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I am interesting in the asymptotic rate of growth of the following recursion:

$$ T(n) = 2T(n/2) + \frac{T(n − 1)}{\log n}, $$ with base case $T(1) = 1$.

I'm having trouble of solving this recurrence problem, it seems much more tricky than I initially thought, and I'm totally stuck after doing some unrolling. What is a good way to approach this question?

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  • $\begingroup$ Do you have a guess on the solution of the recurrence? $\endgroup$ – Steven Nov 4 '19 at 19:28
  • $\begingroup$ I'm guessing nlogn but not sure how to verify it. $\endgroup$ – ran wty Nov 4 '19 at 19:39
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By comparison to the recurrence $T(n) = 2T(n/2)$, we see that $T(n) = \Omega(n)$. By comparison to the recurrence $T(n) = 2T(n/2) + n$, we see that actually $T(n) = \Omega(n\log n)$.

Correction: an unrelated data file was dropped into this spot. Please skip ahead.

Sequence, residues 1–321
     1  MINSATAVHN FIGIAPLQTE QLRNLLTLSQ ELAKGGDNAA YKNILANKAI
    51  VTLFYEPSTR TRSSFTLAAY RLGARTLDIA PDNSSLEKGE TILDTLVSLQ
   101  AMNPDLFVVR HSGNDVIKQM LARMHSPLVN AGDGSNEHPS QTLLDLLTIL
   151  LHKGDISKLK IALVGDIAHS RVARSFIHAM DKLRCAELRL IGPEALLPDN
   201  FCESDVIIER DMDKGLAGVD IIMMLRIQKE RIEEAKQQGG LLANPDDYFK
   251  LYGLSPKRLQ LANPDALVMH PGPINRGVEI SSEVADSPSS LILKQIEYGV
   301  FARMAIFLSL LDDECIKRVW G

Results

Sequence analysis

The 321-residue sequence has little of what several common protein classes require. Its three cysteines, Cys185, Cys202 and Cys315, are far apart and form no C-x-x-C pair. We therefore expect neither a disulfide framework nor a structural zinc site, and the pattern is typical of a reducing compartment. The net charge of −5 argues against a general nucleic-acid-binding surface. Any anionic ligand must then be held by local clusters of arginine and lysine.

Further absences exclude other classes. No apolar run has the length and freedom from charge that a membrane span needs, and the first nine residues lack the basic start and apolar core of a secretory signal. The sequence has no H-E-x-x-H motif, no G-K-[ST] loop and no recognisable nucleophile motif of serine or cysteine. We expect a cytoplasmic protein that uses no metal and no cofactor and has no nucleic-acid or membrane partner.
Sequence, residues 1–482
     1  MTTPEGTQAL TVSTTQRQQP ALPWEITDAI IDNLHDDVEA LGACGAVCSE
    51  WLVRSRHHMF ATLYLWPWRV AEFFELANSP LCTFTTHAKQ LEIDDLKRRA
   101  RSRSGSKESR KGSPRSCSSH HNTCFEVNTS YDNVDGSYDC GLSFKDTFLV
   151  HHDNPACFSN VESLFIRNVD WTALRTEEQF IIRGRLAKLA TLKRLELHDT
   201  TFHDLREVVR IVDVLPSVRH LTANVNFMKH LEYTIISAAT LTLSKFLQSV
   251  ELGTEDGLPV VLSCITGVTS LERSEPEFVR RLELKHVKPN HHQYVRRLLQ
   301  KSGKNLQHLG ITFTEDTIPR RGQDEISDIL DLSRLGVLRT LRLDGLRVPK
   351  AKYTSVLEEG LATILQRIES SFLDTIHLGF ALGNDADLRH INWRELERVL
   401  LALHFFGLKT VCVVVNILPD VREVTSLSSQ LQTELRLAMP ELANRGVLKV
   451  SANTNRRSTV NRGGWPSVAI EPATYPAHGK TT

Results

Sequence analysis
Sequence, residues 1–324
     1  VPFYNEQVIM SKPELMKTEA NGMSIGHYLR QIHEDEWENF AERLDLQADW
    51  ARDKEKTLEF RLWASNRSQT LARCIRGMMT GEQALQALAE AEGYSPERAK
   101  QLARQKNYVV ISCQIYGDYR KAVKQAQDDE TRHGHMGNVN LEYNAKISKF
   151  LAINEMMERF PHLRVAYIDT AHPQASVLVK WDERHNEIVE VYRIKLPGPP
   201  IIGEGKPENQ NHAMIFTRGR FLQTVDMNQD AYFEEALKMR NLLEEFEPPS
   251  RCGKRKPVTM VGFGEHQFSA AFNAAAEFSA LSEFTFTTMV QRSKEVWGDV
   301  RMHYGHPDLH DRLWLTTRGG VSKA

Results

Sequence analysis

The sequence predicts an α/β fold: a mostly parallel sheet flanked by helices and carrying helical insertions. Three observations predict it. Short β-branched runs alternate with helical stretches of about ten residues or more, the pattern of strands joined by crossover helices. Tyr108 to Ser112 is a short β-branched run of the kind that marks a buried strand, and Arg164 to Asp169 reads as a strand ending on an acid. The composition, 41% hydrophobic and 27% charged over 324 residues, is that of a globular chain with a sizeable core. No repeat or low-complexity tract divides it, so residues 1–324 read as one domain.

Now let us prove by induction that the other direction holds as well. I will interpret $T(n/2)$ as $T(\lfloor n/2 \rfloor)$. Suppose that $T(m) \leq Cm\log m$ for all $m < n$. Then $$ T(n) \leq 2C\frac{n}{2}\log \frac{n}{2} + \frac{n\log n}{\log n} = Cn\log n + (1-C)n. $$ For $C \geq 1$, it follows that $T(n) \leq Cn\log n$.

It seems that we have proved that $T(n) = O(n\log n)$, but actually the base case of the induction doesn't hold. However, this shouldn't be too hard to fix (left to the reader).

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  • $\begingroup$ Thanks, I figured it out. $\endgroup$ – ran wty Nov 5 '19 at 1:40

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